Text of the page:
Must visit cities in Belgium
Belgium is a very small European country but it packs an enormous punch. I’d only been to Belgium once before, and it was relatively fleeting. We had been in a Kombi and were making our way back towards Calais to catch the ferry to England. There were enormous strikes going on at the port and significant delays were inevitable. After 12 weeks of driving through Europe, we needed to get back to London to start our new jobs. So Belgium was the loser that time around as we really couldn’t stick around.
This time we were back in our motorhome (albeit a whole lot more luxurious than the Kombi) and spending some quality time in Belgium seemed like a good plan.
Starting in the south, we navigated our way through 11 amazing cities, all of which I loved. But, I loved some more than others. By the time I crossed the border and made my way back to France, I had a definitive list of my top 5 most beautiful cities in Belgium.
You won’t see any of the big names here, like Brussels and Antwerp. These are the small towns, the ones that most people haven’t heard of, but the ones that you’ll be so disappointed if you miss. They are also some of the most under-rated cities in all of Europe.
This is a quick summary of these towns. For a more detailed understanding of what they have to offer, keep reading all the linked articles that I have placed under each town.
Leuven sits in the shadows of the larger city of Brussels, trying to keep the secret of this beautiful town to itself. It’s a university town, hence its reputation for having the longest bar in Europe!
It’s an incredibly easy city to get around. Leave the cars on the outside of town and take a bike in.
For more details on this beautiful town, check out this article: Why Leuven is a must visit town.
Leuven is 29km outside of Brussels. Regular trains connect Brussels to Leuven on a journey that takes approximately 13 minutes.
Closeby to Leuven, you could visit the two towns in the one day if time was an issue. It has one of the most beautiful old-world bequinages and one of the oldest (still operating) breweries right in the heart of the city. With its beautiful Gothic churches, Grote Markt and plenty of great places to eat, it’s a must visit city.
Find out more in my article here: Mechelen – Another Hidden Gem.
Mechelen is 31 km outside of Brussels and only 25km from Leuven. Driving between both cities is easy enough. The back roads are the most scenic, but they are also typical of regional Belgian roads (terrible!) so the drive is a little slower than normal. Trains run regularly and take around 30 minutes.
If you didn’t know that Dinant was the home of Adolphe Sax, the inventor of the saxophone, you would instantly make the connection upon arrival. The sax is celebrated all throughout this beautiful riverside city. With an incredible abbey, a citadel overlooking the city and underground caves full of all sorts of interesting natural structures, it’s definitely a city that is worthy of your time.
Explore what the city has to offer in Dinant: the first of many beautiful Belgian towns
Dinant is 97 km from Brussels and whilst trains run here, taking about 1 hour 30 minutes, it’s probably best as part of a road trip. We drove from Dinant to Leuven, then Mechelen.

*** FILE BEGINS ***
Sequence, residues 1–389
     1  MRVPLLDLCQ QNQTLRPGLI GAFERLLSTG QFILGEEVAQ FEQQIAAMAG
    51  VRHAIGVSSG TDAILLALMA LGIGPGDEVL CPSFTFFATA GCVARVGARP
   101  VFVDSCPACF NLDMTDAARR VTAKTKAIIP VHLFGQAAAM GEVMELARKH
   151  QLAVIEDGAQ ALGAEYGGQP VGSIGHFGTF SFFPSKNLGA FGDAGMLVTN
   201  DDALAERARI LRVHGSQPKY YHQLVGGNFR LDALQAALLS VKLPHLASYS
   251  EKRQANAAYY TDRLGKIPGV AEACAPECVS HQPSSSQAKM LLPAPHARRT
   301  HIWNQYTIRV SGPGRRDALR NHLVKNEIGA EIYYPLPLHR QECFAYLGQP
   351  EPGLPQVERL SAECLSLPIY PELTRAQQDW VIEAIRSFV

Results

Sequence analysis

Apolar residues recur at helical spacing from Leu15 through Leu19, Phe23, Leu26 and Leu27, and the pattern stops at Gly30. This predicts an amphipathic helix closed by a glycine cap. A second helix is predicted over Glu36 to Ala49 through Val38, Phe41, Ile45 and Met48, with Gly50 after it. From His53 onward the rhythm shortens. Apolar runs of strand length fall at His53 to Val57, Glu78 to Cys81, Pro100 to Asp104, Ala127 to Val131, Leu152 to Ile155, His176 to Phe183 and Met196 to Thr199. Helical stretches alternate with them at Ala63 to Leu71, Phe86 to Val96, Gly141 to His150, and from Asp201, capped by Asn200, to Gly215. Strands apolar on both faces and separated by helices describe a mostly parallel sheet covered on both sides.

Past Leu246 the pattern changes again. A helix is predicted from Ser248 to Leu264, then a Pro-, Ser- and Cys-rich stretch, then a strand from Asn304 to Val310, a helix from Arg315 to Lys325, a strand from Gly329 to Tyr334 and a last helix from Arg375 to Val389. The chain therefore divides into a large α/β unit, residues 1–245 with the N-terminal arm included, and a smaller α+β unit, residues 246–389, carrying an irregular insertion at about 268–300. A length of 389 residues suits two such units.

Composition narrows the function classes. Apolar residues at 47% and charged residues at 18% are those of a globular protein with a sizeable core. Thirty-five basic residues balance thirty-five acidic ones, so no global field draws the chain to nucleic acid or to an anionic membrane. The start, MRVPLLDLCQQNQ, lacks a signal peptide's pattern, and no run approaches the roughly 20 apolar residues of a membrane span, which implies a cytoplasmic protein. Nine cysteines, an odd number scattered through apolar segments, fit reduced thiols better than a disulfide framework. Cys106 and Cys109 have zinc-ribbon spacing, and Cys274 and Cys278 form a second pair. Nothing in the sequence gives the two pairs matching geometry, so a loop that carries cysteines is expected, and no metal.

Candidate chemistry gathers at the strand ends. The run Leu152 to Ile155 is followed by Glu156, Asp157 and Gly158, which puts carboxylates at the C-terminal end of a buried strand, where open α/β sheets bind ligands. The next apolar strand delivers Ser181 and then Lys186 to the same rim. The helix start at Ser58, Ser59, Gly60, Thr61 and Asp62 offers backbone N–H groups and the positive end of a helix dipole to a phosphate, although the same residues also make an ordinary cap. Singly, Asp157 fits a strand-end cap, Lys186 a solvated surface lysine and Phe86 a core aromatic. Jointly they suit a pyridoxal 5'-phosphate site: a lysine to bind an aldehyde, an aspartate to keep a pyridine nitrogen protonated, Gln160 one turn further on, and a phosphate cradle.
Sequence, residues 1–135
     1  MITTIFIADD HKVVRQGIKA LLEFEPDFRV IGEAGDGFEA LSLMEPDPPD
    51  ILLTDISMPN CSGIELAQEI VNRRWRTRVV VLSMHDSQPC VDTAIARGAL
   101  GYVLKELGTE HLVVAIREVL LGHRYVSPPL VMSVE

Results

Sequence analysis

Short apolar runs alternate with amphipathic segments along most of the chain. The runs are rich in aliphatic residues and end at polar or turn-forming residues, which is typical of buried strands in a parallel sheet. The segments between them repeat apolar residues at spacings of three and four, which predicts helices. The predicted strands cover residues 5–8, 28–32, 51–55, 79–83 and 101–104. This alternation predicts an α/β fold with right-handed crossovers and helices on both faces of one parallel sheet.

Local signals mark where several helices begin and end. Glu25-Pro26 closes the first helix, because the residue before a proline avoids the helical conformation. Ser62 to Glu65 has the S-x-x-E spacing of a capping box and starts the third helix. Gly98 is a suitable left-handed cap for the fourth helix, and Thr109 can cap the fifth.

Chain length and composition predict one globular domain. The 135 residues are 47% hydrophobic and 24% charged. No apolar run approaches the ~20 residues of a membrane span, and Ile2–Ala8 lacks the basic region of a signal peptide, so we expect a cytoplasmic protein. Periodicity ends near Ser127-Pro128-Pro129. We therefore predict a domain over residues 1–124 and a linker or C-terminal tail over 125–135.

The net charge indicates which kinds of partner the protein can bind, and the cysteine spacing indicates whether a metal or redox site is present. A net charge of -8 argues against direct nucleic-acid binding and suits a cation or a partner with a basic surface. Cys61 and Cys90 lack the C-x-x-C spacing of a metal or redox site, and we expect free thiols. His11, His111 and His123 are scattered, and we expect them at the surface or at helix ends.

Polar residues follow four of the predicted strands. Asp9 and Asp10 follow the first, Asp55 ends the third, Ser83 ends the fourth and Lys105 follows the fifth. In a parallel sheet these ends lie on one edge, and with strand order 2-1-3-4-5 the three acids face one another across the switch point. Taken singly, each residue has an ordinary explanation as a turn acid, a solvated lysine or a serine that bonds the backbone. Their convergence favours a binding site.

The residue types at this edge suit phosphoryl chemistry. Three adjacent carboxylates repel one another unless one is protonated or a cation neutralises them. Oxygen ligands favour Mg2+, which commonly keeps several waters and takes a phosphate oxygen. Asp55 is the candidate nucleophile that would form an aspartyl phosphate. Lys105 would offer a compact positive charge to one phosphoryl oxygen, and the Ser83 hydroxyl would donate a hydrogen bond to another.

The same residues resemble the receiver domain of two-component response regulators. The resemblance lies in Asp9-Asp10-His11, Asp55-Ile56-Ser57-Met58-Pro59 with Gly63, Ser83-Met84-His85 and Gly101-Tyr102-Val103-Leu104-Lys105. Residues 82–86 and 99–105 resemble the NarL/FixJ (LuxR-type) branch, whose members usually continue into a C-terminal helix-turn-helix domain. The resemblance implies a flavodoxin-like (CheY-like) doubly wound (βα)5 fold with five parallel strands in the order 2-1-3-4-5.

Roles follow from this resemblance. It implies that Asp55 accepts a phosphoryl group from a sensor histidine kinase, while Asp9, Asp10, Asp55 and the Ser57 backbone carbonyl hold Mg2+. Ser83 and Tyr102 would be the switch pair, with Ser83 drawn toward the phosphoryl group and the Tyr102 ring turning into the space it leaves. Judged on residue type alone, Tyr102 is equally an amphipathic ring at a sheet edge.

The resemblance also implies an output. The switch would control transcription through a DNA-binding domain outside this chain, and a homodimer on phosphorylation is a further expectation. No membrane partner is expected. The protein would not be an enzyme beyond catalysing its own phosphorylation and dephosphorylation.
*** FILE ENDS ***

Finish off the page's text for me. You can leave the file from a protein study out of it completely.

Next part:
Ieper (or Ypres) is the city to visit if you are interested in exploring the history of the world wars. Ieper was a prominent city during these times and was actually destroyed several times over itself. Today, it is the home of some of the more significant memorials and cemeteries honouring those who served and those who fell.
Known for its architecture, especially the magnificent Cloth Hall, (itself a casualty of World War I), the town square showcases many beautiful Gothic buildings.
It also features the only daily service of the Last Post. Every evening at 8 pm, the Menin Gate is filled to overflowing with visitors coming to show their respect to those who served and continue to serve in world conflict.
Ieper: Beautiful by day, more inspiring by night provides more detail on this amazing city.
Ieper is closest to the French border. If you don’t have a car, Ieper is only 32km from Lille Eurostar Terminal, making this a possible transit option. Or, it is 72km from Bruges, where trains connect the cities in one hour 30 minutes.
I often think that Ghent is my “save the best till last” city, but that’s probably not fair to the others above, which I absolutely loved too. But, Ghent is special. A little larger than the other cities I’ve mentioned, it has a bit more of a city feel, without being too big. It’s the replica of Bruges, without all the hype. It is probably Belgium’s most underrated city of them all.
Built on the canals, it has a cosmopolitan feel about it, especially in summer. The waterways are lined with people enjoying the outdoors, sunning themselves on decks whilst drinking the ever-present (and ever so good) Belgian beers.
The Graslei waterfront area was one of my favourite places, as was the Beguinage and the Granvensteen Castle.
If you are looking to visit Ghent, check out Why you should visit Ghent: Belgium
Ghent is 64km outside of Brussel or 47km from Bruges. Parking is easy in Ghent as is catching a train from either of the two larger cities.
These cities are made for visiting when you are on a road trip, but of course, there are other ways too. As you can see from the map below, they are all relatively close to one another, or close to other major cities such as Brussels.
One thing is clear, however, you get there, be sure to include these top 5 beautiful cities in Belgium into your itinerary.
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Kerri now travels regularly with her husband, Stirling, where eating great food, drinking quality beer and wine, and cooking international foods are integral to their adventures.